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Redirecting with mod_rewrite or 301 permanent?
How to redirect a site that uses PHP to pull files from another site?
starbean




msg:1513793
 3:55 pm on Mar 6, 2003 (gmt 0)

Here is my situation in a nutshell: MyOldDomain.com was banned by google 2 months ago. I rushed to create MyNewDomain.com on a new server. It uses SSI/PHP to pull files from MyOldDomain.com. (see below). When I learned that MyOldDomain.com is back in google with a good ranking I rushed a robots.txt to disallow googlebot from MyNewDomain.com but I may have been too late. To be safe I want to redirect traffic from MyNewDomain.com to MyOldDomain.com

I'm not sure if I can use the mod_rewrite because MyNewDomain.com uses PHP to pull files from MyOldDomain.com

Here is how it works: since all files in MyOldDomain.com are in .html and not .php, I'm using an SSI command in MyNewDomain.com as in this example:
PHP file: <?include("http://www.MyOldDomain.com/myfile.htm"?>
HTML file: <!--#include file="myfile.php" -->

Is it possible to use a mod_rewrite redirect in this case?

Or should I create 250 files with this command:
<meta http-equiv="refresh"content="0;url=http://www.MyOldDomain.com/filename.htm">

Or should I be using this in the htaccess file:
redirectpermanent /oldpage1.htm [newurl.com...]
redirectpermanent /oldpage2.htm [newurl.com...]

I'm a tech dilettante. A friend helped me set up the PHP and I gathered the above redirect info from forums. I have never dealt with a htaccess file before. All I know is that my current htaccess file looks like this:

Options Indexes FollowSymLinks Includes
AddType application/x-httpd-cgi .cgi
AddType text/x-server-parsed-html .html

AddType text/html .shtml
AddHandler server-parsed .htm

 

jdMorgan




msg:1513794
 4:28 pm on Mar 6, 2003 (gmt 0)

starbean,

Your web root .htaccess will be invoked on your new server before any php processing takes place. Therefore, I believe you will be able to fix your problem simply by placing the following line in your new server's .htaccess file:

RedirectPermanent / http://www.oldomain.com/

This will redirect any request to your newserver back to your old server.

I hope I understood your question! If not, it should be pretty obvious when you try the above - Do it when your site traffic is low!

Jim

starbean




msg:1513795
 5:47 pm on Mar 6, 2003 (gmt 0)

Thanks Jim! Do I place that line RedirectPermanent / [oldomain.com...] on the top or the bottom of the htaccess file? Does it make any difference where it is?

Is it OK if I have the htaccess file like this:

Options Indexes FollowSymLinks Includes
AddType application/x-httpd-cgi .cgi
AddType text/x-server-parsed-html .html

AddType text/html .shtml
AddHandler server-parsed .htm

RedirectPermanent / [OLDDOMAIN.com...]

jdMorgan




msg:1513796
 6:34 pm on Mar 6, 2003 (gmt 0)

Starbean,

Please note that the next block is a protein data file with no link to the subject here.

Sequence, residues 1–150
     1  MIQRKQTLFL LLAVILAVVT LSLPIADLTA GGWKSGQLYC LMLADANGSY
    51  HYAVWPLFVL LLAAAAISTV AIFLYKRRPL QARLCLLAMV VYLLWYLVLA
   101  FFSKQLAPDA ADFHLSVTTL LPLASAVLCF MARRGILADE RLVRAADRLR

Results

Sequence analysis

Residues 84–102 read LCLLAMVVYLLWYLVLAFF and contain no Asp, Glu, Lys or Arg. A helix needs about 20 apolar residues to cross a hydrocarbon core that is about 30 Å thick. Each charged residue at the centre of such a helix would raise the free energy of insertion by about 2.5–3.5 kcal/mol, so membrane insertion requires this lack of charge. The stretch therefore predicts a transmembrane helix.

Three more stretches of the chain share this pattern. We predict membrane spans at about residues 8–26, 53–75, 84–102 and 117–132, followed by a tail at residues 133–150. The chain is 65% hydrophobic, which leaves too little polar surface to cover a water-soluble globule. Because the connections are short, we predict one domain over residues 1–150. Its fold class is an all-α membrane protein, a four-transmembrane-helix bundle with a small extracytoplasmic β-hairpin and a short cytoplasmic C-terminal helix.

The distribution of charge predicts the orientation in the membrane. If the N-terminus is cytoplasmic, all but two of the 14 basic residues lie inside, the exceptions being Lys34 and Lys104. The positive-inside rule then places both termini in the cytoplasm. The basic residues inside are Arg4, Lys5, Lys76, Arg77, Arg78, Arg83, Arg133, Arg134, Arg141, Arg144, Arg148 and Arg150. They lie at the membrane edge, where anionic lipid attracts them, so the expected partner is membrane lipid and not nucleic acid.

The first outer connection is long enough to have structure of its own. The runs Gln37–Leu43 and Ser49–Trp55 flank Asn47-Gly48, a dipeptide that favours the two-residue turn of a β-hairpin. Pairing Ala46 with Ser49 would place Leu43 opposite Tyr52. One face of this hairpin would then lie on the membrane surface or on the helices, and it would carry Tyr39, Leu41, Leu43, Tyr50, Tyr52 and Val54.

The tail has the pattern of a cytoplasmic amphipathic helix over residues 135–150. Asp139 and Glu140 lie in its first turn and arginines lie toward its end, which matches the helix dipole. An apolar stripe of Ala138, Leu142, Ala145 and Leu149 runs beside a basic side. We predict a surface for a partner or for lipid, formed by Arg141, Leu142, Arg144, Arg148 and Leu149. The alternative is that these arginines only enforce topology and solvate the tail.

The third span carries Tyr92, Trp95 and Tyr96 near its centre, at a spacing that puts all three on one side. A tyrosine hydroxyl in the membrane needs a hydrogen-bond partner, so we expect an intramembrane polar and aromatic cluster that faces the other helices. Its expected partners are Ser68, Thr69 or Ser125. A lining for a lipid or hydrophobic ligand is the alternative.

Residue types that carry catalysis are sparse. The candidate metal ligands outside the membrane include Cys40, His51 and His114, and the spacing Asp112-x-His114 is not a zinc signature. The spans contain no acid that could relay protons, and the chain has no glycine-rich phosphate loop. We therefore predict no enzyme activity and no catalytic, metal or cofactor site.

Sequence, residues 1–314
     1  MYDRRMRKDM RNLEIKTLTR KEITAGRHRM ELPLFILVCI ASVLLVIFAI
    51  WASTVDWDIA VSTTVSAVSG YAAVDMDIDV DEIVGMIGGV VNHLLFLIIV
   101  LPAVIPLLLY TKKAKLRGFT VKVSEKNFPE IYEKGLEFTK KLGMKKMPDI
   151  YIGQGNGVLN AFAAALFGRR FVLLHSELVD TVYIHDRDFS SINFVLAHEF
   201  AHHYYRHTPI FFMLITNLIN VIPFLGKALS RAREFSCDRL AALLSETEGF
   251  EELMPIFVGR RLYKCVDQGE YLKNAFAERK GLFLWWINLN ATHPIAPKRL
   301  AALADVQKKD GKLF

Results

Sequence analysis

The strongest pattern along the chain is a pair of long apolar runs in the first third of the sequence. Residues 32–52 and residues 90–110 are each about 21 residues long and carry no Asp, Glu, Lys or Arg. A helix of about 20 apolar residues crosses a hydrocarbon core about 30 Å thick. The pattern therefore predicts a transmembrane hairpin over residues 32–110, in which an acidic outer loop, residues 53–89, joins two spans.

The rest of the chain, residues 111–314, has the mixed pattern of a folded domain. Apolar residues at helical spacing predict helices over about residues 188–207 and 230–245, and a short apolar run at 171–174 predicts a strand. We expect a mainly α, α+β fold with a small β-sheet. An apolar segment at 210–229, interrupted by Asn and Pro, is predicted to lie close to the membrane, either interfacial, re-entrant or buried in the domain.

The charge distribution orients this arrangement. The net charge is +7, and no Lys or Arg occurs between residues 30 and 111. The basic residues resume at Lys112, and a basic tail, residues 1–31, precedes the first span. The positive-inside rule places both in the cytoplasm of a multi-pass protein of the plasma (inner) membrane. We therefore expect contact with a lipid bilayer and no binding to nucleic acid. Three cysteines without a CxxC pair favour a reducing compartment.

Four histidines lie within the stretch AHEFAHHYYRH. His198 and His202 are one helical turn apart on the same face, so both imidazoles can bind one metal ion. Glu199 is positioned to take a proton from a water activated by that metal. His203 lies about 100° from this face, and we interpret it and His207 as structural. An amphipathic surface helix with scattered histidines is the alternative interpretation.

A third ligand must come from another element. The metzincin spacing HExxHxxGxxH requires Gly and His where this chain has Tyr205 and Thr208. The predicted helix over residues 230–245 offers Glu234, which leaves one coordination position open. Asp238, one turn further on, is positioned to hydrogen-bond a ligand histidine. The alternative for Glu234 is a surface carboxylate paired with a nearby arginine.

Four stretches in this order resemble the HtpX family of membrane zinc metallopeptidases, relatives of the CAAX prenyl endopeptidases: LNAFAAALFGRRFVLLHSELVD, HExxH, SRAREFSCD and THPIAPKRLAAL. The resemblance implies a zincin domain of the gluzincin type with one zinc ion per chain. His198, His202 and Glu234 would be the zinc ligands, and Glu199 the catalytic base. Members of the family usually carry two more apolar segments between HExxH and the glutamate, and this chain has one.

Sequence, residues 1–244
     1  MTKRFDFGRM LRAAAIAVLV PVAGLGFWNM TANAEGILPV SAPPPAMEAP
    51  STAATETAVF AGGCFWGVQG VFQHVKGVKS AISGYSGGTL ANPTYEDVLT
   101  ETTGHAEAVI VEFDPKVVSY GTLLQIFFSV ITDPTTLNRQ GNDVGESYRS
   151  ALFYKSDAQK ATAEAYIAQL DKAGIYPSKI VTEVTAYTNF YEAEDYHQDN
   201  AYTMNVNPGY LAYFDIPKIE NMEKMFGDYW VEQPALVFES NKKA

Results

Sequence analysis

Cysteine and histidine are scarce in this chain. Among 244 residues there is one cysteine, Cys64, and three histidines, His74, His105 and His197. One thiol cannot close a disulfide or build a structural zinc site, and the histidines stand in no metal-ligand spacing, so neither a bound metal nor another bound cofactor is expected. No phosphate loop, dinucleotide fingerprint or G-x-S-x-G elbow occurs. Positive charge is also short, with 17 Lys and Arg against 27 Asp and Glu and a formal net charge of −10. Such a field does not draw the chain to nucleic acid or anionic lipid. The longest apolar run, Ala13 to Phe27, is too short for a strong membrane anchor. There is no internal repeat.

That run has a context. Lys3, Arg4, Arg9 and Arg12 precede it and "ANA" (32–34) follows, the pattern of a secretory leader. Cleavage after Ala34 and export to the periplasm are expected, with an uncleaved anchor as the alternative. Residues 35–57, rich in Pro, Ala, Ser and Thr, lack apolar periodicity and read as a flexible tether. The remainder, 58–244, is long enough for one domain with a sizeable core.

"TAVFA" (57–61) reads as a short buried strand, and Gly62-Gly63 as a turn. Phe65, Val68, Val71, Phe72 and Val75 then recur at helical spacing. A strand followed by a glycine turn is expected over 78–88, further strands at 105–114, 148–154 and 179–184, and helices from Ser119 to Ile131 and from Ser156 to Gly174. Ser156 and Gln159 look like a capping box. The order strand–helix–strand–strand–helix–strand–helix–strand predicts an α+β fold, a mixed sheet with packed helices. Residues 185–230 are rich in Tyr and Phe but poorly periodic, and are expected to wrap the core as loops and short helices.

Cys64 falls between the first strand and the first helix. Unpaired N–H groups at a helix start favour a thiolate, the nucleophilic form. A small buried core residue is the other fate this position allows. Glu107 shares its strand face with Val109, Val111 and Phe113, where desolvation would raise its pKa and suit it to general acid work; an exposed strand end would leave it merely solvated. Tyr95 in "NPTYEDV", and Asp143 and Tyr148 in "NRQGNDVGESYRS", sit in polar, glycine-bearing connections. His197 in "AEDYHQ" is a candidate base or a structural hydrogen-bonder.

Well, technically, you don't need any of the other stuff any more, since any and all requests will be redirected. It really wouldn't matter either way, but putting it at the top would be more efficient if you want to keep the other lines for now.

Jim

starbean




msg:1513797
 1:52 am on Mar 7, 2003 (gmt 0)

Thanks Jim. The redirect command is working well, but it is causing me a problem with the robots.txt file.

Because of the redirect command, RedirectPermanent / [OLDDOMAIN.com...] the validator is unable to check the robots.txt file from MyNewDomain, instead it validates the robots.txt file from MyOldDomain.

The robots.txt in MyNewDomain.com reads:

User-agent: *
Disallow: /

And the robots.txt file from MyOldDomain.com reads:

User-agent: *
Disallow: /a/
Disallow: /f/
Disallow: /cgi-bin/

I worry that googlebot will be unable to read the robots.txt file from MyNewDomain. In this situation, how can I disallow googlebot from indexing MyNewDomain.com?

jdMorgan




msg:1513798
 2:05 am on Mar 7, 2003 (gmt 0)

Understand that with the redirect in place, your new_domain - for practical purposes - no longer exists. Robots cannot access any of its content because they now get redirected to old_domain unconditionally. So, there is nothing there that they can access, and there is therefore no need to disallow access.

The robots.txt checker is seeing - and showing you - exactly what the spiders will see, a redirect to old_domain.

HTH,
Jim

starbean




msg:1513799
 3:06 am on Mar 7, 2003 (gmt 0)

I'm learning a lot, thanks Jim :)

When googlebot follows websites' outbound links to MyNewDomain.com only to be redirected to MyOldDomain.com will MyOldDomain receive google's ranking credit for these outbound links?

If the answer is yes, it will save me from having to notify all those sites to update their links. :)

oLeon




msg:1513800
 7:44 pm on Mar 19, 2003 (gmt 0)

yes, it will.

jdMorgan




msg:1513801
 7:57 pm on Mar 19, 2003 (gmt 0)

starbean,

Sorry - I missed your last post! :o

As oLeon states, you'll be OK with the redirect in place, but it would still be a good idea to try to get those incoming links updated. You will focus your domain-branding and avoid having two hits on your server for every visitor using those old links.

Jim

starbean




msg:1513802
 12:39 am on Mar 20, 2003 (gmt 0)

Thanks Jim :) There is something else that maybe you can help me with. I have a php script that creates an error log file for my 404. It lists all my files that contain link errors. Do you know of a script that will only list internal link errors as "linkname.htm" instead of listing just the file name? Since my files are quite large and I have dozens of internal links, such script would be more useful to me than the one that just list file names.

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